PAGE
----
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Winning the AJ Clark Studentship: a leap of faith and finding my passion

Published: 02 Mar 2018
Category: Young pharmacologists, Prizes, awards and grants
By Matilda Kennard

It’s safe to say that I didn’t get into pharmacology the traditional way.

After my A-Levels, having failed to get into medicine, I spent a year working in a residential home and consequently decided to study BSc Adult Nursing at King’s College London (KCL). I really enjoyed this degree but unfortunately, after 18 months, I had to leave due to health problems.

I was worried about what I was going to do next but took a huge leap of faith and decided to study BSc Pharmacology back at KCL, starting in September 2015. During my nursing course I always wanted to know more about the mechanisms of the diseases I observed and drugs that I administered, so I suppose I can trace my passion for pharmacology right back to this.

I found the first few months of my pharmacology course extremely difficult, having not studied core science for three years. I spent the first six weeks working non-stop to catch up and reach the same level as everyone else but in the end this certainly paid off.

Applying for the AJ Clark Studentship

I first became interested in studying for a PhD in my second year when I was tasked with planning and undertaking my own laboratory project. During this year I became particularly interested in diabetes and asked Dr Aileen King (who would go on to be one of my supervisors for the AJ Clark Studentship) whether I could undertake a summer placement in her laboratory.

I was lucky enough to be awarded the Wellcome Trust Vacation Scholarship and spent 10 weeks undertaking research to help characterise a new mouse model of diabetes. I absolutely loved this summer experience and so went back to Dr King to ask about potential PhD opportunities.

Alongside Dr Manasi Nandi, an expert in telemetry, we spent many weeks developing and submitting a PhD project to be considered for the AJ Clark Studentship.

I had my AJ Clark interview at the Society’s offices in January. I came out of the interview feeling that it had gone fairly well – but I was genuinely astounded when I heard back from the Society, offering me the Studentship.

My PhD project

The project I will be undertaking using my AJ Clark funding involves using telemetry, a new method for continuous blood glucose monitoring.

Currently, one of the biggest problems with standard, single blood glucose measurement is that it doesn’t capture 24-hour variability and requires significant animal handling. For example, preliminary research suggests that blood glucose continually fluctuates, particularly in diabetic mice, with handling potentially skewing results by itself increasing glucose concentration. We hope that continuous blood glucose telemetry will allow better characterisation of current diabetic models to determine the best time points for drug intervention.

I strongly believe that telemetry could improve both science and animal welfare and can’t wait to start this project.

Looking to the future

I’m open minded about my long-term career aims, but I do know that this PhD will open many doors for me. For example, it will make it possible, if I want to, to stay in academia and progress to become a principal investigator one day.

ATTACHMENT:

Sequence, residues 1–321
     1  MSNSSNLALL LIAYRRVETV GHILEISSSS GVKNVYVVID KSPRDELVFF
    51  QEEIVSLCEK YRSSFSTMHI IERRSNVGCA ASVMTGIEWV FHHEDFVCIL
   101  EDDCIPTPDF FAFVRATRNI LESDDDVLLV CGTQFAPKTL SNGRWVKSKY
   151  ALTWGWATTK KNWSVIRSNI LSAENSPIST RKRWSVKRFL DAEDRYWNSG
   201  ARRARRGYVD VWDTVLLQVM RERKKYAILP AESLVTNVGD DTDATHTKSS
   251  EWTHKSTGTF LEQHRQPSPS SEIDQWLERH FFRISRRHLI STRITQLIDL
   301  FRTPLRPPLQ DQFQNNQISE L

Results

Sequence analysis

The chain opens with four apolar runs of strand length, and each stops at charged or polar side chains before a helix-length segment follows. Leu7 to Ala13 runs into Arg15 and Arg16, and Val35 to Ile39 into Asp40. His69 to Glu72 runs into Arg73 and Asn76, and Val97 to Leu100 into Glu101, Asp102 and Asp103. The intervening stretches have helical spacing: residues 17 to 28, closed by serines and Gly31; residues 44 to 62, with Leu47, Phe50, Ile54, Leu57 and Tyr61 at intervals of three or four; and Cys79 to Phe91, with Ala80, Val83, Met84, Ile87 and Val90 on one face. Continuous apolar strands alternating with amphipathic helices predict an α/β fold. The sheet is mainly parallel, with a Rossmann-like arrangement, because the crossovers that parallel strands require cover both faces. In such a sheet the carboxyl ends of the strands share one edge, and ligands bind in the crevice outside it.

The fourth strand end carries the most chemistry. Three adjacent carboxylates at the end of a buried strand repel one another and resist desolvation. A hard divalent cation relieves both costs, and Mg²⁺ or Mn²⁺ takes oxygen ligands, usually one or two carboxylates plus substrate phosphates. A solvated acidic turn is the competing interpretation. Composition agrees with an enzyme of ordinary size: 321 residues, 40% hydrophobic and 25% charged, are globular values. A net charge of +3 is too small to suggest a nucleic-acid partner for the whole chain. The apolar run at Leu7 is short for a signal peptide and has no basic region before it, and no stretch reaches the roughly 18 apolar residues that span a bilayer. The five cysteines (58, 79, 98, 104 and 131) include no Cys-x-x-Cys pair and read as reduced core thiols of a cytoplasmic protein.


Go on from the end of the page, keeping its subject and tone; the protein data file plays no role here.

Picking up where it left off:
I am also very passionate about promoting science, encouraging more women into STEM careers and speaking openly about animal research, so I am looking forward to becoming more involved in the Society and its outreach activities.

My advice to potential AJ Clark Studentship applicants

1. Get as much research experience as you can.

Undertaking laboratory practicals during your degree is always beneficial, even if they don’t always work out the way you hope. During my summer project I spent many (sometimes frustrating!) weeks optimising techniques due to technical issues which gave me a far more realistic outlook on scientific research. The work I undertook contributed to a published abstract, which would also have strengthened my application.

Do summer or extramural year placements if you can; this demonstrates commitment to research and allows you to work more closely with lecturers who may then offer you PhD projects.

2. Get as involved as possible with project planning.

This is really important to ensure that you fully understand the details of the project in preparation for interview – you will be grilled so you need to know your stuff!

3. Get as much interview practice as possible and try to relax.

I had a number of mock interviews which were hugely valuable in helping me to produce concise answers under pressure. I never expected to receive the Studentship and went into my interview thinking that it would simply be good practice for the future. But my guess is that being able to talk calmly but passionately about my project did a lot to help my chances of success.

If you are thinking of applying for the AJ Clark Studentship, then my final piece of advice is simply to go for it! I took a huge leap of faith even starting a pharmacology degree and if you had told me six years ago when I didn’t get into medicine that I would be doing this PhD with this prestigious funding, I would never have believed you.

I feel hugely honoured to have been chosen for the 2018 AJ Clark Studentship and hope that my experience and advice gives you the determination to give it a go and apply for 2019.

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About the author

Matilda is a third-year BSc Pharmacology student at King’s College London and the winner of the 2018 AJ Clark Studentship. She will be undertaking her PhD in diabetes research and her project aims to better characterise animal models of diabetes using continuous blood glucose monitoring.